Local Activists: CANNA-TOURISM
Sending our position paper on canna-tourism again in light of the push by BOS to move the Winery Events Ordinance forward during the pandemic. Gore opined at the December 17th BOS meeting that canna-tourism was already here and needed to be a part of Phase 2. Currently it is prohibited.
Good morning, Ms. Berrocal,
Attached and pasted below is another neighborhood compatibility issue, “Canna-tourism”, for you to review as you write amendments for the Board of Supervisors to consider as they implement Phase Two of the Cannabis Ordinance.
The Neighborhood Coalition agrees that the tourism industry is important to Sonoma County. Data we have received from Anthony Hakim, the research project coordinator at the SC Economic Development Board, states that tourists spend approximately 6.5% of Sonoma County’s annual GDP. It is significant figure but six other industries generate more value than 6.5% of the GDP. Given the amount of media coverage of tourism, the public may believe tourism is the primary and dominant source of our economy.
The cannabis industry would like to copy the wine industry model, but as the attachment points out, there are many unresolved problems with wine country tourism. Our resource on this issue is Padi Selwyn of Preserve Rural Sonoma County. R. M. could also give you an idea what it is like to live next to a winery that has a permit for 4 yearly events but exceeded 32 last year. We can provide you with their contact information if you wish to discuss this issue with both.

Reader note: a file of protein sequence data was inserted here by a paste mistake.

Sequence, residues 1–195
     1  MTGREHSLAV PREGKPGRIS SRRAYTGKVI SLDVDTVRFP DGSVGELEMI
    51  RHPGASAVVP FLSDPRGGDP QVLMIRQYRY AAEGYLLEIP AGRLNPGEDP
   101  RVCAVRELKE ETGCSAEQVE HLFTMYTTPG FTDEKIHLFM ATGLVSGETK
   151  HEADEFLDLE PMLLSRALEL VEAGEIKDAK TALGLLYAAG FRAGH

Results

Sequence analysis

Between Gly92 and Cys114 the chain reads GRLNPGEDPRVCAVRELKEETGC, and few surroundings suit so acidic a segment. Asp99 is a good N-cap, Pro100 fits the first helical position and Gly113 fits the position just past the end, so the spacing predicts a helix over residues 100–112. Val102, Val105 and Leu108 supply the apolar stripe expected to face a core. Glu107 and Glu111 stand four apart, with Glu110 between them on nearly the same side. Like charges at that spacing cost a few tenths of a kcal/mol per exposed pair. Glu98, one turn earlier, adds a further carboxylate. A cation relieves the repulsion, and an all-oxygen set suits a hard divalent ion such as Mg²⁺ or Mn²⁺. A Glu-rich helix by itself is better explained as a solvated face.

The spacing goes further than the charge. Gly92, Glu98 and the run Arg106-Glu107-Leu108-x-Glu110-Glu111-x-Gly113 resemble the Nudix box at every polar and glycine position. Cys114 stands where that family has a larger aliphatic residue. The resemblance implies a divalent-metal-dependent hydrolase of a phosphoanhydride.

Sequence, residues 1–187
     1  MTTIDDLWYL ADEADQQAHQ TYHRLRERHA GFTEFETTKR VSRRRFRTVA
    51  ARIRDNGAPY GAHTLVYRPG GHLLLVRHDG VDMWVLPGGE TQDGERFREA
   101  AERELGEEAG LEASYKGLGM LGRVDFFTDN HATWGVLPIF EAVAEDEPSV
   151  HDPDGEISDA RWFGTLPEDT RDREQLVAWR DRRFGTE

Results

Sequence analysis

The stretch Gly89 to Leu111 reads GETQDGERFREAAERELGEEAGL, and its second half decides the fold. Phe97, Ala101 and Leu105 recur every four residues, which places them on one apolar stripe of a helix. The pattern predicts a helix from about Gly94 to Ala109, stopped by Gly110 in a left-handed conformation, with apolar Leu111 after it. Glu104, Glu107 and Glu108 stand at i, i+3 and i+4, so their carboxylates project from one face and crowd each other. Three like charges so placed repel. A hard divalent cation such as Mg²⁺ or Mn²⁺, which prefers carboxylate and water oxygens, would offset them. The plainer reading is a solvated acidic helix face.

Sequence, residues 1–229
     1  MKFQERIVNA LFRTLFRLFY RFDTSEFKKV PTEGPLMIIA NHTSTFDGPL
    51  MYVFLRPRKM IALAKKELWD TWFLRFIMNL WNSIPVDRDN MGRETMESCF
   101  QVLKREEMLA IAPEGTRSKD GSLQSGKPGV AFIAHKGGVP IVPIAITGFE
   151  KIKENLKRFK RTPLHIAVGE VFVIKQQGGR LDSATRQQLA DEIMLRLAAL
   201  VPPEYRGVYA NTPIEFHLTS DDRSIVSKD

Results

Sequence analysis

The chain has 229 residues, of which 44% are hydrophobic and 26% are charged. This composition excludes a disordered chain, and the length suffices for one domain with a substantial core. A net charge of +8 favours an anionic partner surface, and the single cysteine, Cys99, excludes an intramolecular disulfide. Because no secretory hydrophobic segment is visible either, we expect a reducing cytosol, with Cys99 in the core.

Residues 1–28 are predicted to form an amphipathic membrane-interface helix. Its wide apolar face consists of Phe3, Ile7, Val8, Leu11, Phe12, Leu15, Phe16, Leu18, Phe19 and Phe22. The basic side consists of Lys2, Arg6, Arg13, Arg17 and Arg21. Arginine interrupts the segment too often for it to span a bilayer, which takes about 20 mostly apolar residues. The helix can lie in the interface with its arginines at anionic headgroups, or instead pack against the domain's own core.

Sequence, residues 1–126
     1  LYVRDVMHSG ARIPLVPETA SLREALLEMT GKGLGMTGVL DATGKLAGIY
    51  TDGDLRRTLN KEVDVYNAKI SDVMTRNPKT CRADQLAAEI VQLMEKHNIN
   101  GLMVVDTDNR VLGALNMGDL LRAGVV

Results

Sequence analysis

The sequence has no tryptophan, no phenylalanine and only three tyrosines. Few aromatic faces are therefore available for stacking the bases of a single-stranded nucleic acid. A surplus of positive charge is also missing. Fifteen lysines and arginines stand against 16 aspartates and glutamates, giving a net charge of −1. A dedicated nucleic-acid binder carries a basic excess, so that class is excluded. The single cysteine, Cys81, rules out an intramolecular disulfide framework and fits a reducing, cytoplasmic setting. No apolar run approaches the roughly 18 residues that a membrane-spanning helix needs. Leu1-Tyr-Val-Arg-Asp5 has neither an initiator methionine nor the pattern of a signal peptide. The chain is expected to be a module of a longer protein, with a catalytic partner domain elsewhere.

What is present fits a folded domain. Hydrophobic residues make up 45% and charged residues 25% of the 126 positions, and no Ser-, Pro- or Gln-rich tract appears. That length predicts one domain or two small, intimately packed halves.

The “commercialization of ag land” is a conversation the County needs to pursue before embarking down the canna-tourism road.
Name Withheld for privacy
Cannabis Tourism – On Site Consumption
Enforce and Retain
County Ordinance No. 6245, Sec.26-88-250 (c) (5) “Tasting, promotional activities, and events related to commercial cannabis activities are prohibited”.
Wine country tourism has caused a great deal of angst among many rural residents. There are repeated problems with traffic congestion, illegal parking along roadsides, blocking of driveways, loud noises/music, violations of limits on special events, sustainable water issues, etc.
The county has been unable to resolve these issues either through lack of staff, lack of interest, bias toward the wine industry, inability to monitor compliance with event limits, or failure to levy and collect fines.
Rural residents have been fighting for years to put limits on the number and size of events that wineries can have. The impacts of those events on neighbors can be dreadful. If the cannabis industry gets canna-tourism rolled out it will be a future problem because they are likely to produce the same adverse impacts as the wineries.
Until the county can straighten out the unsolved problems evident with wine tourism, it would be imprudent to consider amending the ordinance.
The problem is not with singular event like the Harvest Fair for the wine industry or the Emerald Cup for the cannabis industry, but the negative impact in the rural areas.